Bond yields moving up after RBI’s status quo

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Mumbai | Published: December 7, 2019 5:19:02 AM

Bond market continued to see correction on Friday with the 10-year yield closing 6 bps higher at a two-month high of 6.66% even as fresh supply hit the market in the form of weekly auctions.

Bond market, Reserve Bank of India, RBI, CPI inflation, FPI, investment, Bond yieldDealers indicated that the only major trigger for the bond market in the coming times are the fiscal numbers.

Bond market continued to see correction on Friday with the 10-year yield closing 6 bps higher at a two-month high of 6.66% even as fresh supply hit the market in the form of weekly auctions.

On Thursday, the Reserve Bank of India (RBI) had decided not to cut the repo rate further after having reduced it by 135 basis points this year. The central bank had also revised its consumer price index (CPI) inflation upwards to 5.1-4.7% for the second half of fiscal year 2020. Market participants indicated the central bank’s decision came as a total surprise as dealers had expected at least a 25 basis points cut in the repo rate.

Siddharth Shah, head of Treasury at STCI Primary Dealer, said the market on Thursday was loaded with long positions as it was expecting a 25 bps point cut.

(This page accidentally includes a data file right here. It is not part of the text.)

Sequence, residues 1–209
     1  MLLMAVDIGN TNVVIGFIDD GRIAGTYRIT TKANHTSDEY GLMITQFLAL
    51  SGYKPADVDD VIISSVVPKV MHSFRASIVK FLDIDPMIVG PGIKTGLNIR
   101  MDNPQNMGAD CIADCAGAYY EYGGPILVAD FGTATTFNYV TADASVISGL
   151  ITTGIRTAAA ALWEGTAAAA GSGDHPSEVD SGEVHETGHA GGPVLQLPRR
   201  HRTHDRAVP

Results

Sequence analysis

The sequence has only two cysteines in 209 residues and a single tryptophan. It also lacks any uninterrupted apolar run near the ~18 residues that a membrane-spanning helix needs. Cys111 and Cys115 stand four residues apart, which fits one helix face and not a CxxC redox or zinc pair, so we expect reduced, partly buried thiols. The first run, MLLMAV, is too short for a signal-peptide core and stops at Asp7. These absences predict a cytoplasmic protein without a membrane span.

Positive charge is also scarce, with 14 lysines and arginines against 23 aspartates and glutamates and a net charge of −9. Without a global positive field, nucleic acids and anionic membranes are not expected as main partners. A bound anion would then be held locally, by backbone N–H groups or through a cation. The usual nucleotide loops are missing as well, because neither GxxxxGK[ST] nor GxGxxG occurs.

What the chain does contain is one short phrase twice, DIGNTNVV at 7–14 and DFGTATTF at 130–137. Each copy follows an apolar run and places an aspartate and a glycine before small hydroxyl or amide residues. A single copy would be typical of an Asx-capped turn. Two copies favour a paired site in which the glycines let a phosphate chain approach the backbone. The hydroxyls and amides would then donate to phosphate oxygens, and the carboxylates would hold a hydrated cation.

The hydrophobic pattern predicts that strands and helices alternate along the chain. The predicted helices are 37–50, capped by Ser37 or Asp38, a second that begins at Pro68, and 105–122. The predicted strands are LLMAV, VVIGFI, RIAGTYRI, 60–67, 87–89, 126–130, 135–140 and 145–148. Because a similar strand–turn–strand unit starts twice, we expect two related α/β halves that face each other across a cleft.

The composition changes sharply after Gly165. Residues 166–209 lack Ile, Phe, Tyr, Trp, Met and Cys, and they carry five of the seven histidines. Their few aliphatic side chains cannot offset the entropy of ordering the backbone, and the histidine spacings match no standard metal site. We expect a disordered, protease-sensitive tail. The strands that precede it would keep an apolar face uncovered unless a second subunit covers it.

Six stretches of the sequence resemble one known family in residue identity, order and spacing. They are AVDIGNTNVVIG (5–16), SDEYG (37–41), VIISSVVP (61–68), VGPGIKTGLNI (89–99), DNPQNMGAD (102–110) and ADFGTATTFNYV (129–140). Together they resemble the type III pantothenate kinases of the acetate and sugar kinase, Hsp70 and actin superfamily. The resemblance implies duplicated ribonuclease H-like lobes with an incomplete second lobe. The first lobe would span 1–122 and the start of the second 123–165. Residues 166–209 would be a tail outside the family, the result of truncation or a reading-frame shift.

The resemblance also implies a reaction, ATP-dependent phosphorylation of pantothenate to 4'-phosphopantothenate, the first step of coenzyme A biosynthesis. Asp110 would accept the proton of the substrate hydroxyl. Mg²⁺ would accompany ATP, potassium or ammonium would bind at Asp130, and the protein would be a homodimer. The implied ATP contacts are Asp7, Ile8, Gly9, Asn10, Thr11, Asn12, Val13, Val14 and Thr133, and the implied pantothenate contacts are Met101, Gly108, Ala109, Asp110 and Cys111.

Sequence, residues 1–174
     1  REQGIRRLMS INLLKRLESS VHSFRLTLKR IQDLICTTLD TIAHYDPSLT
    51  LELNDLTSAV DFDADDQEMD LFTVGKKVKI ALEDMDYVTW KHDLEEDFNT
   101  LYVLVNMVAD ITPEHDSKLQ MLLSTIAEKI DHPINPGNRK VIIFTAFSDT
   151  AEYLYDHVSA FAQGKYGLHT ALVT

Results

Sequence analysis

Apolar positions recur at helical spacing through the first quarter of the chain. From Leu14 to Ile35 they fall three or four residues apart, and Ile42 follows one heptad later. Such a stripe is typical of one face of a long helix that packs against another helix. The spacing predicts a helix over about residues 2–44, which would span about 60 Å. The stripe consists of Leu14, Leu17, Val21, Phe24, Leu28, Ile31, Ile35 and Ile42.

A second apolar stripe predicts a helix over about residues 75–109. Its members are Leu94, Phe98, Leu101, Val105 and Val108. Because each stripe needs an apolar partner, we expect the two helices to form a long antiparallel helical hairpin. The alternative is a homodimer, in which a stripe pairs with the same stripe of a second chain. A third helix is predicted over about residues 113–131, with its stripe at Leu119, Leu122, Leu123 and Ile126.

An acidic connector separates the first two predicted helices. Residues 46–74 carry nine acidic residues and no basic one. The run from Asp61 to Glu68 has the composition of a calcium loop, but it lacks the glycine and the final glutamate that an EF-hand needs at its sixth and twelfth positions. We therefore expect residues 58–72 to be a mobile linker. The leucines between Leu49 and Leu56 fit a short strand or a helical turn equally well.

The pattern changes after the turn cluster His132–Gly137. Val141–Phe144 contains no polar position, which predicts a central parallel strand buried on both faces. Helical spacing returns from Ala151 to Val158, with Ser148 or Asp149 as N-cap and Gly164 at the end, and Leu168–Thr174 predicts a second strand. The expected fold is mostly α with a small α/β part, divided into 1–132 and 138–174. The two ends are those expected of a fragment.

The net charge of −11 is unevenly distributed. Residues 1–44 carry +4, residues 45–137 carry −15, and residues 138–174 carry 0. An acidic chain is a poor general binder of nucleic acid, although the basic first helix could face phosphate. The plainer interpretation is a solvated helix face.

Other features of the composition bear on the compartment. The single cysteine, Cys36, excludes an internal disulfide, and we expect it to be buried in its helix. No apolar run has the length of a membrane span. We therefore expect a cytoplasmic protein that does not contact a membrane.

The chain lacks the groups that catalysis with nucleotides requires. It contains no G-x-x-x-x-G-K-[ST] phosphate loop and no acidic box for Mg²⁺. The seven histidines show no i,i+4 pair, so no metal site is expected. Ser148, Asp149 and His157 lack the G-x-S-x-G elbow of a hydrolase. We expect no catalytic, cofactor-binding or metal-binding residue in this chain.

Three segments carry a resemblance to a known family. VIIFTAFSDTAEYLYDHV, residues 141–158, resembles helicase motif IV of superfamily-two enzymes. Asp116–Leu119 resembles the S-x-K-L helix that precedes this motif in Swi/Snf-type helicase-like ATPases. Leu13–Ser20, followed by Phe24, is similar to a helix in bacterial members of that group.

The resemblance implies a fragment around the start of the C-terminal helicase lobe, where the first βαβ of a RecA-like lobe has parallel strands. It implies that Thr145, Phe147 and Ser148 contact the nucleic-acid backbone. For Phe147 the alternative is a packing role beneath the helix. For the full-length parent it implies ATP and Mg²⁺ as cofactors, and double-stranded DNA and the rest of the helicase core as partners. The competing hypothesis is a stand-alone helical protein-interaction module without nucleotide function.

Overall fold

“However, the sentiment soon turned negative post the status quo announcement. At least till the end of this fiscal, the inflation is expected to remain high leading to market pricing in a low possibility of a rate cut. On Friday there is additional supply in terms of auction and that is taking a toll on the market that has already shed positions on Thursday. We do not really expect that benchmark yield to shoot beyond the 6.75% level unless some real negative news on the fiscal deficit hits the market,” he said.

Dealers indicated that the only major trigger for the bond market in the coming times are the fiscal numbers. “Any bad news on that front will be an overhang on the yields,” a dealer said.

Meanwhile, foreign portfolio investors (FPIs) investments remained tepid over the last few weeks. Foreign investors remained net sellers of Indian bonds for the month of November having sold $442.06 million on a net basis according to Bloomberg data. In December so far, FPIs have poured in only $172.27 million on a net basis.

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